In his new book, “Laundry Love: Finding Joy in a Common Chore,” Richardson asks us to reconsider our relationship with our clothing, indeed with all our fabrics. He believes, quite passionately, that textiles — what we wear, dry ourselves with, sleep on — matter in ways most of us take for granted.
At a time when we are rethinking foundational things, why not laundry?
Richardson joins a movement already in progress. Gwen Whiting and Lindsey Boyd, co-founders of The Laundress, espouse a similar approach to eco-friendly laundry soaps and care. One thinks, too, of Marie Kondo, whose books urge a transformation in how we relate to our clothing and possessions and, apparently whilst sober, to thank them.
For Richardson, laundry is an act of love, and “Laundry Love” is his treatise to America’s laundry rooms and the clothes that tumble in them.
Clothing is, after all, deeply personal. These things we wear, intimate things that touch our body, upon which we sleep, things that make us feel like ourselves — they matter in small but affecting ways. The Chilean poet Pablo Neruda wrote a poem called “Ode to My Socks.” David Bowie sings of “Jean Genie,” Prince of a “Raspberry Beret.” The Kinks riff to “Mick Avory’s Underpants.” There is a statue in Brussels called “The Laundry Worker.” It’s a man. A statue to a man. Who did laundry. I’m sure that won’t be taken down anytime soon.
Or perhaps clothes matter in not-so-small ways when looked at differently. According to data from the World Bank in 2017, nearly half of the world’s population lives on less than $5.50 a day. “Consider,” Richardson writes, “how many people around the world would welcome the chance to wear freshly laundered clothes — and just how much dignity that offers. Yet so often we take this privilege for granted.”
Richardson does not take it for granted. Laundry is a big deal. Here’s how big: U.S. consumers wash more than 660 million loads of laundry every week, or about 35 billion wash loads a year, totaling 100 million tons of clothes, according to one estimate. That’s about 1,000 wash loads every second of every day.
Richardson, who runs a clothing store in the Mall of America in Minnesota, gently urges us to change our ways when it comes to the washing of our clothes. Stop using laundry detergent containing petroleum, phosphates, phthalates and parabens: “This stuff is bad for your clothes, bad for your skin, and bad for the environment.” Start using soaps or detergents made with plant- and mineral-based ingredients. (His store sells soap flakes based on a 200-year-old recipe from a “New Zealand woolier,” an occupation I would like in my next life.)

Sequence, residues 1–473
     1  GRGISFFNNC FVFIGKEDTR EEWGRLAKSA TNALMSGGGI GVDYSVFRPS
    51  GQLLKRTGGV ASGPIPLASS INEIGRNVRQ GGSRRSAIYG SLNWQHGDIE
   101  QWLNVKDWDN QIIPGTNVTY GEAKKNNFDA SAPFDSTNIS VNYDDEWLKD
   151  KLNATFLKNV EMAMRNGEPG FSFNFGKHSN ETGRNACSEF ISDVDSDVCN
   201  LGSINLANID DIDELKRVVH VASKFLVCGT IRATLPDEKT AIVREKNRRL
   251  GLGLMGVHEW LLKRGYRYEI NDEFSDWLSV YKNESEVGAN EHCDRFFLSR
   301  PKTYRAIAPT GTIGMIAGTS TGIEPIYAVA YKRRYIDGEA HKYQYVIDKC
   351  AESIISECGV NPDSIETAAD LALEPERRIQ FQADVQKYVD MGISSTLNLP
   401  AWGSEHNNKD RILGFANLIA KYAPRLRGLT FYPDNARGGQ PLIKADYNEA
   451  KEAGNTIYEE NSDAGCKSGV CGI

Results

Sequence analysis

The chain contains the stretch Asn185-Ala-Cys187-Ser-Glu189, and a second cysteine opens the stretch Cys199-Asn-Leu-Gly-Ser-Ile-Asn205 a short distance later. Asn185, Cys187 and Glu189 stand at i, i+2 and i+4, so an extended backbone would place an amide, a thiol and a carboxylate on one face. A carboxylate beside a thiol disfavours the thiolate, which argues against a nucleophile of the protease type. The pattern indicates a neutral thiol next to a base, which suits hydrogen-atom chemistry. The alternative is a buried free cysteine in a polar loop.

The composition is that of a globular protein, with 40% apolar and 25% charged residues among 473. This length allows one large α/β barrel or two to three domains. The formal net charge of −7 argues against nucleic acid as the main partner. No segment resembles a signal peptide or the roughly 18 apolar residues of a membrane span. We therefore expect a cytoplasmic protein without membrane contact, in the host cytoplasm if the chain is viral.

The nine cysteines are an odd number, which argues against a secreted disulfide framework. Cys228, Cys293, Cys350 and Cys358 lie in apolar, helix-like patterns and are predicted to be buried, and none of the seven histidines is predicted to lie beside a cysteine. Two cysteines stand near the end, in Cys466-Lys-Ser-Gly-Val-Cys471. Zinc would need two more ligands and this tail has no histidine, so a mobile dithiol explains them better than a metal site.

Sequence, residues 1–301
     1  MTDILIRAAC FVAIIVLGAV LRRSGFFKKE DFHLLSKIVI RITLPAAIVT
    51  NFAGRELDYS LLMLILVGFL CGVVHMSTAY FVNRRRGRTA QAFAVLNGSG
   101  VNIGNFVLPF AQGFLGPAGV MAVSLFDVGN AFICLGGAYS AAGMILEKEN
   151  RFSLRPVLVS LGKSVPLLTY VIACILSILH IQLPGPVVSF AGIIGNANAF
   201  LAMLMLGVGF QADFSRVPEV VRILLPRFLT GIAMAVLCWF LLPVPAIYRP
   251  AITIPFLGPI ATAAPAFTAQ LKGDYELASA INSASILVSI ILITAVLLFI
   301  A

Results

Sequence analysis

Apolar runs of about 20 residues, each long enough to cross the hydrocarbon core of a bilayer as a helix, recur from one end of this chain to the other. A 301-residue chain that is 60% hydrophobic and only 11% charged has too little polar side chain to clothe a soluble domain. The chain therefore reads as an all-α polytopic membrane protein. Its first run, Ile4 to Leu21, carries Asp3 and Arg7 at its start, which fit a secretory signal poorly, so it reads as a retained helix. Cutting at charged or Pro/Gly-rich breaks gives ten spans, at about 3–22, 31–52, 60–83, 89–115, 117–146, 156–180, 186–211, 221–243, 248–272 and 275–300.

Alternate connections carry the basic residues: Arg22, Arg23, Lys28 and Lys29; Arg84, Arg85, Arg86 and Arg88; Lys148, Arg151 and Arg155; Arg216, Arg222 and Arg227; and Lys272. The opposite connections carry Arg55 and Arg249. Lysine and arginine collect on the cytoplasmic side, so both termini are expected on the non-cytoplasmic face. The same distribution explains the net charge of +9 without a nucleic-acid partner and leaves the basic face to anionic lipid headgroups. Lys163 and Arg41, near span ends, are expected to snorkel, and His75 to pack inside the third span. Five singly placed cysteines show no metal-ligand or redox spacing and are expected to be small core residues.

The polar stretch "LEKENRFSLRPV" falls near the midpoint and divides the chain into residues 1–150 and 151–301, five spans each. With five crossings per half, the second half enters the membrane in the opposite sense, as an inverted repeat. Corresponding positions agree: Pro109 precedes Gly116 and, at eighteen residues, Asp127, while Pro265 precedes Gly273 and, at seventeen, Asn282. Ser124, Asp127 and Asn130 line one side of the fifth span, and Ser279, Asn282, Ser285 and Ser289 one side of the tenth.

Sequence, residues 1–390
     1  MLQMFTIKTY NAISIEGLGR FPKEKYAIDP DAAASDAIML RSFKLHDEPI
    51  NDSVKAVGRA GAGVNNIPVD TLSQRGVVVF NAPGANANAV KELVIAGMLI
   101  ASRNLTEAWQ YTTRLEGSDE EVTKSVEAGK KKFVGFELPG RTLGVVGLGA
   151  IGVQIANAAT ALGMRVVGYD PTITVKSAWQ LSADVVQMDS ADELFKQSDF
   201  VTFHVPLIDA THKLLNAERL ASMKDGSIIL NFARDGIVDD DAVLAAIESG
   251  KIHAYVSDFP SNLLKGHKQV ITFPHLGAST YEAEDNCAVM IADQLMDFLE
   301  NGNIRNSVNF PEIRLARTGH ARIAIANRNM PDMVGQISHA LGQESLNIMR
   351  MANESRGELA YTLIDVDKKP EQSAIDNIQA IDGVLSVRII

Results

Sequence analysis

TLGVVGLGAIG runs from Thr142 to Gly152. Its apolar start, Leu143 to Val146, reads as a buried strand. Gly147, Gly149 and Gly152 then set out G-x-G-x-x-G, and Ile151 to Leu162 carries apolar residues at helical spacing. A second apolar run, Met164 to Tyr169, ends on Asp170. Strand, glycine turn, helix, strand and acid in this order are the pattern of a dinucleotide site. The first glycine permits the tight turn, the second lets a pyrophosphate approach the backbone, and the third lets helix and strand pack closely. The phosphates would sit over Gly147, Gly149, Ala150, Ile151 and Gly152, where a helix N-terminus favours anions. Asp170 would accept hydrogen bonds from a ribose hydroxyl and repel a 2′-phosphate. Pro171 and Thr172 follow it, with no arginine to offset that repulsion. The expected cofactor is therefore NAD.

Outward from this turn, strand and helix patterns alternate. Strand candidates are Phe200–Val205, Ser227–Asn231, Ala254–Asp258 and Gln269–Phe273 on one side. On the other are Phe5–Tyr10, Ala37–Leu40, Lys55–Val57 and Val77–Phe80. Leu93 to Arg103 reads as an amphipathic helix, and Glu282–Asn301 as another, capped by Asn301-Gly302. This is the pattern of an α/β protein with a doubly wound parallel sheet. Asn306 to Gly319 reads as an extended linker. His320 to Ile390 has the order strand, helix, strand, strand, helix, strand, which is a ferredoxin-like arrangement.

Always wash clothes in warm water and always on the express cycle, not merely to save time but wear and tear on fabrics. He would like us to wash our clothes less and air-clean them more. He believes line drying in the sun and fresh air does wonders.
He covers most every disgusting stain imaginable and suggests ways to get rid of them, MacGyver-like, using bleach alternative, sodium carbonate, rubbing alcohol and white vinegar. Richardson, who runs Laundry Camps in his store, isn’t kidding around.
He eschews almost every item one is likely to find in most American laundry rooms: Fabric softener, dryer sheets, chlorine bleach. Also dry-cleaning. Stop doing it. Now. He is passionate that it can be done simply and safely at home, by hand and by machine — even cashmere. (Anyway, dry cleaning isn’t dry at all. Most facilities soak items in a chemical called perchloroethylene, which the International Agency for Research on Cancer classifies as a probable human carcinogen.) “It’s time to break up with your dry cleaner,” Richardson writes. “After all, how many times have you heard that you shouldn’t be with someone who’s toxic?”
Written with Karin B. Miller, “Laundry Love” is not a book to read for its prose. Alice McDermott this is not. But on occasion Richardson has the power to give pause. On Page 163, he suggests cutting the care-instructions tag off your garments. “There’s a bigger life lesson in here. So often, we do — or don’t do — things based on fear, when, actually, if we just believed in ourselves, and in others, we would find a better way forward.”
He quotes the writer Ruth Moose, whose lines sum up Richardson’s book and worldview: “There is joy in clean laundry. All is forgiven in water, sun and air.”
The past year has been a steady stream of pain and negativity. To find this slim volume, its breezy pages of tips and anecdotes, stories and, in the back, recipes, is a lovely salve. One would be very fortunate, I think, to be Richardson’s friend or neighbor, share his optimism and joy in life’s seemingly small things.
John Kenney is the author of “Love Poems for the Office,” “Love Poems for Married People,” “Love Poems for People with Children” and “Love Poems for Anxious People,” as well as the novels “Talk to Me” and “Truth in Advertising,” which won the Thurber Prize for American Humor.
Laundry Love: Finding Joy in a Common Chore
By Patric Richardson with Karin B. Miller
Flatiron. 208 pp. $25.99